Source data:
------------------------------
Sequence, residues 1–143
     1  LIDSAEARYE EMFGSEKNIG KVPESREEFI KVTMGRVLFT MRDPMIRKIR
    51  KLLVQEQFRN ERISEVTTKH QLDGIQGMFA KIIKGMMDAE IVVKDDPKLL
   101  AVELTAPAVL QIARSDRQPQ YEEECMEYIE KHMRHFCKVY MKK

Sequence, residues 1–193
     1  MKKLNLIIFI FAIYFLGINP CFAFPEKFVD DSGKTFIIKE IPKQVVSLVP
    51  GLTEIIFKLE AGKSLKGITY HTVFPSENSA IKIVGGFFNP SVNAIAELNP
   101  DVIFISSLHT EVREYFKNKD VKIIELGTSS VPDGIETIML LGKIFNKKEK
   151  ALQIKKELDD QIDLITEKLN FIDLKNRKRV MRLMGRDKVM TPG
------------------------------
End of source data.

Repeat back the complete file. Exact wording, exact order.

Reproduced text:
Sequence, residues 1–143
     1  LIDSAEARYE EMFGSEKNIG KVPESREEFI KVTMGRVLFT MRDPMIRKIR
    51  KLLVQEQFRN ERISEVTTKH QLDGIQGMFA KIIKGMMDAE IVVKDDPKLL
   101  AVELTAPAVL QIARSDRQPQ YEEECMEYIE KHMRHFCKVY MKK

Sequence, residues 1–193
     1  MKKLNLIIFI FAIYFLGINP CFAFPEKFVD DSGKTFIIKE IPKQVVSLVP
    51  GLTEIIFKLE AGKSLKGITY HTVFPSENSA IKIVGGFFNP SVNAIAELNP
   101  DVIFISSLHT EVREYFKNKD VKIIELGTSS VPDGIETIML LGKIFNKKEK
   151  ALQIKKELDD QIDLITEKLN FIDLKNRKRV MRLMGRDKVM TPG